Thursday, November 26, 2009

DECADES for Waterworks

as seen in the Aitkin Independent Age, pretty soon


According to one way of counting, the second decade of the Twenty First Century will soon begin. Remembering all the excitement about year 2000 and its computer algorithms, the predictions of automated shutdowns seem long ago. Most computer systems survived the Millenium shift, and rivers are still flowing to the sea. Whether or not the sea level is rising, or how fast, is a longer-term matter for centuries to tell.

As we enter into year 2010 and another decade, I’m recalling how much organizing has been accomplished since 2000, around lakes in Aitkin County. A number of new lake associations have gotten started, more have been attempted, and new lake monitors have been found to test the water. The county-wide coalition of lake associations, ACLARA, was regenerated several years ago, following a summer of water workshops at the Long Lake Conservation Center.

During this decade, the County Board has enacted a fourth update to the Water Plan for Aitkin County, as well as amending the Shoreland Ordinance with important new Alternative Standards. About two or three years ago the State Legislature mandated a rule-making process for new state-wide shoreland regulations. In early 2010 the resulting draft document from the DNR’s work with advisory committees across Minnesota will be ready for public examination. Already there is strong interest in what sizes and shapes of temporary docks will be permitted in the future.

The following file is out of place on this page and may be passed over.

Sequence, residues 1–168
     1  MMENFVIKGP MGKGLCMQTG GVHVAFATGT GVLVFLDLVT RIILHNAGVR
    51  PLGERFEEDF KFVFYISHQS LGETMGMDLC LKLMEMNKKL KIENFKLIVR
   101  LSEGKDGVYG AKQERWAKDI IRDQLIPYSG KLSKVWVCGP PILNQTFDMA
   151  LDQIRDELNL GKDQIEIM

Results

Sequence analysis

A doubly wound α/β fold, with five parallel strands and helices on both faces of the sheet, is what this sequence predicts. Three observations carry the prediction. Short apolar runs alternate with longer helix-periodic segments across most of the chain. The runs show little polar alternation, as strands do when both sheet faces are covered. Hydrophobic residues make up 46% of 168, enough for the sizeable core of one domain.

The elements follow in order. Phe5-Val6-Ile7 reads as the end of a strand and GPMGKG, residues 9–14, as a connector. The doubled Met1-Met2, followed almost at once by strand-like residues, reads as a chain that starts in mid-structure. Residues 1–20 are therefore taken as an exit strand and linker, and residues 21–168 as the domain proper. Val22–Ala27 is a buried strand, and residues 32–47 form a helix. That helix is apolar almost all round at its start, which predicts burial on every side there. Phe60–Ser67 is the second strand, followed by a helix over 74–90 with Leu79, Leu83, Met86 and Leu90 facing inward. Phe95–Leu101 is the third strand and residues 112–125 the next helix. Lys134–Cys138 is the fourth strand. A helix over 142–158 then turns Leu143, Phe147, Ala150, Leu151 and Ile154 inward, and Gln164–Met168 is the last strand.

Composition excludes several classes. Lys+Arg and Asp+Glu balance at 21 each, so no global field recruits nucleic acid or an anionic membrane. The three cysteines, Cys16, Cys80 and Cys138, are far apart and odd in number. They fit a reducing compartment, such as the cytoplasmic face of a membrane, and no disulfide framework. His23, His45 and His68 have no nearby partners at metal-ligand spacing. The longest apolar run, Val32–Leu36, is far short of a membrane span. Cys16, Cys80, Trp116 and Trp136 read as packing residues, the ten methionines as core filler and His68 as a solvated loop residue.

As the time is soon upon us for New Year’s resolutions, I suggest we think forward about a New Decade with increasing protection for the beautiful waters of Aitkin County.


In recent weeks there has been just a little ice on puddles and ponds. The thin sheets of morning ice on larger lakes have melted quickly before noon. As I rearranged boulders and cement blocks in front of our place the other day for access by skaters and skiers, I felt cold water through my boots, ready to freeze up at the first cold snap.

With any luck there will be clear smooth ice for early skating before snow and rain and cracking roughen the surface. This is the time to remember to wear life jackets and carry spikes on a cord along with you, even when you think the ice is “thick enough.”.

The DNR puts out the same message every year about how many inches of ice thickness are required for walking - driving an ATV or Snowmobile - or driving a car or pickup onto a lake. But are there hidden springs and inlets? Cracks and ridges?

I like to explore carefully at the edges and carry a long probe, besides those spikes - and have a companion along. The best advice? There is no such thing as “Safe Ice!”

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